The developer of the MediEvil remake wanted to make a game so true to the original that modern players could still use the 1998 version's strategy guides. It succeeded. Believe me, that was the first time I've loaded up one of those old GameFAQs guides in at least half a decade. It was a good thing I had a trove of plain text strategy guides to peruse, too: there are winding level layouts that make the way forward difficult to find (that anthill level is the worst), there are key objects that are easy to miss, and there's a boss that requires you to hit specific parts of the environment – even though those parts of the environment don't do anything elsewhere in the same level and no other boss is like that.
Please hold your scoffing until the end, seasoned gamers. All that is indeed the kind of retro roughness that I expect from an old-school or old-school-derived game. It would be easy to look past all of those flaws, or maybe even see them as positives, if exploring stages and doing battle felt challenging and satisfying. It feels OK.
Creaky old bones
I know it's old hat to talk about the camera in a video game review, but since this whole game's a throwback, let's start there: MediEvil uses a mix of fixed and free camera angles, sometimes letting you zoom in to an over-the-shoulder view if you hold down a button. I'm occasionally left flailing during a scene transition or as I try to find enemies hidden in corners but it usually works fine.
Unfortunately, even the not-at-all-hidden enemies are rarely fun to fight. Most monsters move about the same speed as our skeletal hero Sir Daniel Fortasque (pronounced Fort-Askew) and hurt him whenever they touch him, so I usually try to catch enemies with wide sword swings or trap them behind fences or walls and plink away with ranged weapons. I haven't found a strategy that doesn't include enemies smacking me back at least a few times, leading each level to feel like a battle of attrition rather than a test of wits or reflexes. It's both imprecise and unforgiving, which is a frustrating combination.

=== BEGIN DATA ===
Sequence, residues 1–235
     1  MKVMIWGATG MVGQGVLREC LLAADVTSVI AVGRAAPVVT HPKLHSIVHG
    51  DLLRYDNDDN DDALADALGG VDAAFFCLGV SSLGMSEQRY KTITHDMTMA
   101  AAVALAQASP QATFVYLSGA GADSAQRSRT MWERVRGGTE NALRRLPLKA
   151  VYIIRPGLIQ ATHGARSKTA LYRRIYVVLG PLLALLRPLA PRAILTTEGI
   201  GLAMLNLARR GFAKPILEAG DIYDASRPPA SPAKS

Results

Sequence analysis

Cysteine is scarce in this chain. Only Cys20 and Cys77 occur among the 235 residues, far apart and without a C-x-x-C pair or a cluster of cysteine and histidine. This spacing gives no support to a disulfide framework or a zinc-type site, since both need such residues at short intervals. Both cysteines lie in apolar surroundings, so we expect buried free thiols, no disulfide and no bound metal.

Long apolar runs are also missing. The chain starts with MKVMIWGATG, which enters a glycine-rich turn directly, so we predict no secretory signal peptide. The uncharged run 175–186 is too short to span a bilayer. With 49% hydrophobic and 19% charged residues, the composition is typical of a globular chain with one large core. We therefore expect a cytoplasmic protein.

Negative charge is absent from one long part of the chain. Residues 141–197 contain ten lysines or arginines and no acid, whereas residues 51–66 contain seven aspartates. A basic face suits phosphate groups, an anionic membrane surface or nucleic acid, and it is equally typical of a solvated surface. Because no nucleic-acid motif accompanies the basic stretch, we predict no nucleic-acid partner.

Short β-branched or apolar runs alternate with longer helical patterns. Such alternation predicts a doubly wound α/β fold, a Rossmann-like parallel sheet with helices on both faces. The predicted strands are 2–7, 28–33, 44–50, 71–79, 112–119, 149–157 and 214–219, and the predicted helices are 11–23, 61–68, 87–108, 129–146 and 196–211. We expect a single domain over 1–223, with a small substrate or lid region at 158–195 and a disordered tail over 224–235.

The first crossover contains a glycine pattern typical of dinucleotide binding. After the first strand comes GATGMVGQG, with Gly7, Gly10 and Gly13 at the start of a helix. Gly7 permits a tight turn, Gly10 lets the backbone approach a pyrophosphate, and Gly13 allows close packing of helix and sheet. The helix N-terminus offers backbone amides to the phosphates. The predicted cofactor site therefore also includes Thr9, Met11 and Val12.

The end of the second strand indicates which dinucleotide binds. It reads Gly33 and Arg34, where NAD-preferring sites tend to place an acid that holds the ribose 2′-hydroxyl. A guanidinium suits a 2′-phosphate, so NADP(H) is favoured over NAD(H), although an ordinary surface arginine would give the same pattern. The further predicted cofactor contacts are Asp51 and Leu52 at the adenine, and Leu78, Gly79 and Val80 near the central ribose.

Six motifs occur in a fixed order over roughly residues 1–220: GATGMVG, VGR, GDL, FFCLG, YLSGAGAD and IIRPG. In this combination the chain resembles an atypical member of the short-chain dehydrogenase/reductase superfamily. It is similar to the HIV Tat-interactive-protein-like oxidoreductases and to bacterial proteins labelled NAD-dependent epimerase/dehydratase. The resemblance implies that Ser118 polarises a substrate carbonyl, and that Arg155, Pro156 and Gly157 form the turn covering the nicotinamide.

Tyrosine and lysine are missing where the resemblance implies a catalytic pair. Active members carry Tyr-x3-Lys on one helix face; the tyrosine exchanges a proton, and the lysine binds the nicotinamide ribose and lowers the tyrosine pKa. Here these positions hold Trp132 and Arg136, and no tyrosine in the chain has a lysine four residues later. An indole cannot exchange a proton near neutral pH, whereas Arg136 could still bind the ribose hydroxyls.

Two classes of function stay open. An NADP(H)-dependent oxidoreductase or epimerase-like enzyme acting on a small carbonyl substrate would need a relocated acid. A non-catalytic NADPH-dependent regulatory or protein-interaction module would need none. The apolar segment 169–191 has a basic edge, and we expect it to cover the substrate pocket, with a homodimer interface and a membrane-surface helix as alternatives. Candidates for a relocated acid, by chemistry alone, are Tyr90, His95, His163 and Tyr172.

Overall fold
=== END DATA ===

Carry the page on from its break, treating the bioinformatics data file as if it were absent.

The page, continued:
When the original MediEvil came out in 1998 it had rough combat and camera work too. Its ambitious steps in other areas like 3D level design and quirky, cinematic storytelling still made it a classic. Some of those clever touches are just as fresh today; even with his means of expression limited to jawless grunts, toothy grins, and one-eyed squints, I enjoy Sir Dan as a character. If you share in my generation's rampant feelings of impostor syndrome, his valiant attempt to live up to his undeserved post-mortem glory will probably inspire immediate sympathy as well. Unfortunately, those forward-thinking spots make the rest of MediEvil feel even more archaic.
I spent about 11 hours playing through MediEvil's campaign from start to finish, and in that time I encountered a handful of annoying glitches. The least troublesome stranded me on the map screen between levels so I had to quit to the title and load back in (the load screens are surprisingly long for how small most levels are). The worst occurred when I accidentally skipped a cutscene, making two events play out at once and depriving me of the Chalice I should have unlocked by rescuing a bunch of Cockney fairies. Naturally that second one happened on the damn anthill level so I felt obligated to play the whole damn thing over again. All of my issues occurred on version 1.01 of the game, hopefully they'll be put to rest in future updates.
All other criticisms aside, I can find no fault with MediEvil's release date. It is coming out at the perfect time of year. This game is a chef's kiss worthy distillation of the Halloween aesthetic. There are ghosts and imps and skeletons, there's a warty witch stirring a cauldron (who sent me to the anthill but I forgive her), and there are entire levels set in pumpkin patches and haunted corn mazes. Even when fighting the restless dead and demons it's more cartoonish and comedic than scary.
Most of the people or friendly spirits Sir Dan meets poke fun at his ignoble death and missing bits, but their sense of humor never gets too dark or morbid. There is one unwelcome portrayal of mentally ill people as straightjacketed cannon fodder in an asylum level. Aside from that, I enjoyed the game's cheesy/kooky/creepy vibe, and spending time in the haunted kingdom of Gallowmere enhanced my enjoyment of the season. Anybody who can appreciate the powerful energy that radiates from the aisles of those strip mall Halloween stores will likely feel the same.
That Halloween energy, that gooey green aesthetic, is what I enjoyed most about MediEvil - what kept me going even as I groaned through too many of the authentically loosey goosey fight scenes and platforming challenges. If you're a big fan of the original who just wants that with better graphics and some subtle improvements, you'll be delighted. If you want something a little scary and very silly to play for Halloween, you'll be pleased. If you're looking for a new game to play, you don't have any nostalgia for the original, and there isn't at least 10 square feet of fake spider webs in your home, you should keep looking.